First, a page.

“And then there is the West. We have the infrastructure. We have opportunities and systems that have allowed us to have lifestyles that this emerging labour could only dream about. However, it was not enough for us. We wanted more, and more and more. We voted in governments that told us that we could have more and who borrowed in our names, and we borrowed to support our lifestyles, all the time thinking that it was our ‘right’ to enjoy our huge share of the world’s resources. Well, it is time for the West to wake up, and accept that the game has changed. What excuse was there for countries with fully developed infrastructure to borrow money, or why did so many individuals borrow so much when their wages might allow for a reasonably good life? It was borrowed because we wanted to consume more than we can produce.”The post, and in particular this passage, demonstrates fundamental confusion about trade deficits: the author conflates a government budget deficit with a trade deficit.
Governments with monetary independence borrow in their own currency: they do not require foreigners to finance their deficits. When foreigners in fact purchase the newly issued bonds of another country it is because they have freely chosen to convert their foreign exchange for the local currency and purchase the bond. A great deal of government spending goes to purchasing domestic output, and even when money in a government deficit is used to buy an import, the financing of that purchase of a foreign good is a completely separate matter.
The blogger Cynicus Economicus complains that Western nations “consume more than we can produce,” a state of affairs that is allegedly an example of the West “living beyond its means.” What is conveniently ignored is the fact that the Eurozone* is the second largest Western economy (as well as the second largest in the world) and generally has trade surpluses:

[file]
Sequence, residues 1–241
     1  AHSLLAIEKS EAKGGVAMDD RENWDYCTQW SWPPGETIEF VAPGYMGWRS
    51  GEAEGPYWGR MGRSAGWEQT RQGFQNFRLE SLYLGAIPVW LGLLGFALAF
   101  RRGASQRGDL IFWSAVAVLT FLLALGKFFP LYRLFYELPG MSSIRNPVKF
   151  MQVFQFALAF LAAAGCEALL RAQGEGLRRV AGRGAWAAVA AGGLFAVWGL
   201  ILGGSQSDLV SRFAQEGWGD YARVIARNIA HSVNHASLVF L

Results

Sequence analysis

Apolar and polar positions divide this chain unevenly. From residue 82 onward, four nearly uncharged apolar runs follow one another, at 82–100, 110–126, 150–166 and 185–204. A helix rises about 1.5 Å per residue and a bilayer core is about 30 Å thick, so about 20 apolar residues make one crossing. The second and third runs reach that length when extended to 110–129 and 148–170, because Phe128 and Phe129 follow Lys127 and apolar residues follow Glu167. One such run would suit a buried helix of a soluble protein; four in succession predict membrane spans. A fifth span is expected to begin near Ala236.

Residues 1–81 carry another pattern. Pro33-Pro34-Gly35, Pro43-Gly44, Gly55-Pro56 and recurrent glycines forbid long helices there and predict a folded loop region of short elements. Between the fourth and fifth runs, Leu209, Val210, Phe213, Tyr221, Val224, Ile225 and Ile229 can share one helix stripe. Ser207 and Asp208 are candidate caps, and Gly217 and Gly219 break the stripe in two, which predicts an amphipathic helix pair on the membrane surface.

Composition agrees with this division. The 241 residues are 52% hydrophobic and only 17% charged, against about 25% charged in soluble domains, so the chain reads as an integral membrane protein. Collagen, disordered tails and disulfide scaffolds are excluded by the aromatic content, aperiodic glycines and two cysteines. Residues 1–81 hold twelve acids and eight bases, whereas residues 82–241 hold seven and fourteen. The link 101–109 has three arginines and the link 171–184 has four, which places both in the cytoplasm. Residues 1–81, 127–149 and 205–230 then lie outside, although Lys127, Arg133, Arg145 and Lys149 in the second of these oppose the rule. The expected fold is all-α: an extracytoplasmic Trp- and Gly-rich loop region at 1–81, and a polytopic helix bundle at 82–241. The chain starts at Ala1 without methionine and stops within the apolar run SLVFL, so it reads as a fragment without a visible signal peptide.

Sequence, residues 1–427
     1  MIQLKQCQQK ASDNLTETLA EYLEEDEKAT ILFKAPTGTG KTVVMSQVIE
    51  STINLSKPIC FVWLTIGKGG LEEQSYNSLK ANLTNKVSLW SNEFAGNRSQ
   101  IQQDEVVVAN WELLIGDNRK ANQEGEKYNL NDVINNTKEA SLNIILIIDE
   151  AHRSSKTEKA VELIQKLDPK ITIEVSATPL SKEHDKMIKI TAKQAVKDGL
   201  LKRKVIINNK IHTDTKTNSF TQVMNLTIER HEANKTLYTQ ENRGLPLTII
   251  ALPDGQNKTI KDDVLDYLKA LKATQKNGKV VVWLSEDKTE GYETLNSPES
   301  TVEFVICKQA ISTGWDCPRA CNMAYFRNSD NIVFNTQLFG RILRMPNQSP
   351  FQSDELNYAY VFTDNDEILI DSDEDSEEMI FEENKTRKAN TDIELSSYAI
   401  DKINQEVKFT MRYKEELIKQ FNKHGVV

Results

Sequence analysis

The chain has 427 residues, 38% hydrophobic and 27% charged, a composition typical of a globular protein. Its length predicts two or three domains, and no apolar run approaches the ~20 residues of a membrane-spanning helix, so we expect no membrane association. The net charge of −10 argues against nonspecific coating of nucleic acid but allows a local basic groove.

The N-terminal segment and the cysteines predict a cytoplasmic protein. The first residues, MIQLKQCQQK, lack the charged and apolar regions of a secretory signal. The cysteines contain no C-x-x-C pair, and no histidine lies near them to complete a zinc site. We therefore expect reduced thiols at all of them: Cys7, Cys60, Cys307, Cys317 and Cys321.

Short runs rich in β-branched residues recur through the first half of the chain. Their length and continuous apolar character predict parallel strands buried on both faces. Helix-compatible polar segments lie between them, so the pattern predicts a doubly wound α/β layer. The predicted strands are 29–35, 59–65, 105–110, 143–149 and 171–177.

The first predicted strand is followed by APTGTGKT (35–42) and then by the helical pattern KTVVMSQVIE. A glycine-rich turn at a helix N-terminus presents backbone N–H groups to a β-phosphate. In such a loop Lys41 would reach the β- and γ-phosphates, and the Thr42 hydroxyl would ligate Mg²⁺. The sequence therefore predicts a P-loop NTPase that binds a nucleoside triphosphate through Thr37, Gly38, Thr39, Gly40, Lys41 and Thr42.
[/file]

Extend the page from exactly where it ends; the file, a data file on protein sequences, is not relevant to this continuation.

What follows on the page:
Foreigners freely and voluntarily bought the nation’s real and financial assets, and gave it the foreign exchange necessary to pay for imports. Even an individual is not “living beyond his means” if he sells, say, four of his 100 luxury cars to pay for additional consumption in one year, over and above his salary: he had the money to pay for his additional consumption by selling his assets. And, if he has a very large stock of many assets (both real and financial) which is constantly growing, he might be able to live like this for his whole life. Some nations (like Australia) have had virtually perpetual trade deficits through their history, but have no difficulty running them, precisely because they have a very large stock of real and financial assets, which is constantly growing, and these assets are bought by foreigners every year to fund trade deficits, even though the actual percentage of financial assets owned by foreigners each year might only fluctuate within the 15–30% range.
In short, the only time that a country is actually “living beyond its means” is when it has a balance of payments crisis, and the whole central argument of Cynicus Economicus collapses like a house of cards.
* The Eurozone consists of Austria, Belgium, Cyprus, Estonia, Finland, France, Germany, Greece, Ireland, Italy, Luxembourg, Malta, the Netherlands, Portugal, Slovakia, Slovenia, and Spain.